| UserBelongsToProjectOrganization
      (UserBelongsToProjectOrganization userId projectId)

  :: Named userId UserId
  -> Named projectId ProjectId
  -> m ( Maybe ( CanViewProject userId projectId ) )

Now canViewProject just calls out to the other authorization routines to build it’s proof. Furthermore, there’s something interesting here. CanViewProject doesn’t postulate anything - everything is attached with a proof of the particular authorization case. This means that we can actually open up the whole CanViewProject module to the world - there’s no need to keep anything private. By doing this and allowing people to pattern match on CanViewProject, authorization results become reusable - if something else only cares that a user is a super user, we might be able to pull this directly out of CanViewProject - no need for any redundant database checks!

In fact, this very idea can help us implement the final part of our original specification:

Some projects are owned by organizations, and should be priced by the organization as a whole. If a user is a member of the organization that owns the project pricing has been requested for, return the pricing for the organization. If the user is not in the organization, return their own custom pricing.

If we refine our UserBelongsToProjectOrganization proof, we can actually maintain a bit of extra evidence:

data UserBelongsToProjectOrganization userId projectId where
    :: { projectOrganizationId :: Named orgId UserId
       , organizationOwnsProject :: UserOwnsProject orgId projectId
    -> UserBelongsToProjectOrganization userId projectId

  :: UserBelongsToProjectOrganization userId projectId
  -> ( forall orgId. Named orgId UserId -> UserOwnsProject orgId projectId -> r )
  -> r
withUserBelongsToProjectOrganizationEvidence UserBelongsToProjectOrganization{..} k =
  k projectOrganizationId organizationOwnsProject

Now whenever we have a proof UserBelongsToProjectOrganization, we can pluck out the actual organization that we’re talking about. We also have evidence that the organization owns the project, so we can easily construct a new CanViewProject proof - proofs generate more proofs!

  :: Named projectId ProjectId
  -> Named userId UserId
  -> userId `CanViewProject` projectId
  -> m Price
price projectId userId = \case
  UserBelongsToProjectOrganization proof ->
    withUserBelongsToProjectOrganizationEvidence proof \orgId ownership ->
      price projectId orgId (UserOwnsProject ownership)

Relationship to Servant

At the start of this post, I mentioned that the goal was to integrate this with Servant. So far, we’ve looked at adding authorization to a single function, so how does this interact with Servant? Fortunately, it requires very little to change. The Servant API type is authorization free, but does mention authentication.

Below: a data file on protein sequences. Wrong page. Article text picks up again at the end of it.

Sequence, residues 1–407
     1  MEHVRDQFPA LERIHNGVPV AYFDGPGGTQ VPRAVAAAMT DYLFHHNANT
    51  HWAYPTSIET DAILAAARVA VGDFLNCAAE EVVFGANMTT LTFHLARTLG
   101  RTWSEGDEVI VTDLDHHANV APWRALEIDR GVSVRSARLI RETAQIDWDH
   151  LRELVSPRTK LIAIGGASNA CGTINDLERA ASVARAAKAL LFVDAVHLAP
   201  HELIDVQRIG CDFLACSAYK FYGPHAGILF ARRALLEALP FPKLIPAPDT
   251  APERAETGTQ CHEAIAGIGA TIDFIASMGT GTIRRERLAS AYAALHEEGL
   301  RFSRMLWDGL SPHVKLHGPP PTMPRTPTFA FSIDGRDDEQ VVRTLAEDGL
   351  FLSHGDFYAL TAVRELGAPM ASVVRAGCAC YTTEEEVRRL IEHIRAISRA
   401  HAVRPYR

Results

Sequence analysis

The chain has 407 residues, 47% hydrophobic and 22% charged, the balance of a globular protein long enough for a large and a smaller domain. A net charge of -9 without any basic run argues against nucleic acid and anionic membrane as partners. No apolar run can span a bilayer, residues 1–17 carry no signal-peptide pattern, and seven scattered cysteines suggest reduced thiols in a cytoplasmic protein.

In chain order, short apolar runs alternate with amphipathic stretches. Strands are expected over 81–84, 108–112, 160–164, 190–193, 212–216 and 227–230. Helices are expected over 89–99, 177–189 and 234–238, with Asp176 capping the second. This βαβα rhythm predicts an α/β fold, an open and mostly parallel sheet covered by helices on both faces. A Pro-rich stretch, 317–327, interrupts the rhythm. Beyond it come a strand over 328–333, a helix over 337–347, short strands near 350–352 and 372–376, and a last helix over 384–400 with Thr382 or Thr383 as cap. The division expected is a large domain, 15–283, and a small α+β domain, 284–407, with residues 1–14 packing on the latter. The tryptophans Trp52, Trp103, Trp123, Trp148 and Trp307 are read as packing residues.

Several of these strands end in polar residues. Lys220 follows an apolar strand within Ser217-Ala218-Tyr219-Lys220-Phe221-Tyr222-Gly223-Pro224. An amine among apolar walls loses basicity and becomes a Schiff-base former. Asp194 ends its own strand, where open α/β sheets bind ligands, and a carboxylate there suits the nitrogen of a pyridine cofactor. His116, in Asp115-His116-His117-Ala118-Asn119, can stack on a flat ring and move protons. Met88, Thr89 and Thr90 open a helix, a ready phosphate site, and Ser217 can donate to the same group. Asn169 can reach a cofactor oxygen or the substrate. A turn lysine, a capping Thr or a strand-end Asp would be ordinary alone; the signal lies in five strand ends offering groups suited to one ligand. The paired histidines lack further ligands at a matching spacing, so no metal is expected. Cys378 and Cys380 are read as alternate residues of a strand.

type API =
  AuthProtect CircuitHub
    :> "projects"
    :> Capture "id" ProjectId
    :> "price"
    :> Get '[ JSON ] Pricing

It’s only when we need to call our price function do we need to have performed some authorization, and this happens in the server-side handler. We do this by naming the respective arguments, witnessing the authorization proof, and then calling price:

priceProject :: User -> ProjectId -> Handler Pricing
priceProject user projectId = do
  name (userId user) \namedUserId ->
  name projectId \namedProjectId ->
    canViewProjectProof <-
      canViewProject namedUserId namedProjectId

    case mcanViewProjectProof of
      Nothing ->
        fail "Authorization failed"

      Just granted ->
        price namedProjectId namedUserId granted


That’s where I’ve got so far. It’s early days so far, but the approach is promising. What I really like is there is almost a virtual slider between ease and rigour. It can be easy to get carried away, naming absolutely everything and trying to find the most fundamental proofs possible. I’ve found so far that it’s better to back off a little bit - are you really going to get some set membership checks wrong? Maybe. But a property check is probably gonig to be enough to keep that function in check. We’re not in a formal proof engine setting, pretending we are just makes things harder than they need to be.

You can contact me via email at ollie@ocharles.org.uk or tweet to me @acid2. I share almost all of my work at GitHub. This post is licensed under a Creative Commons Attribution-NonCommercial-NoDerivs 3.0 Unported License.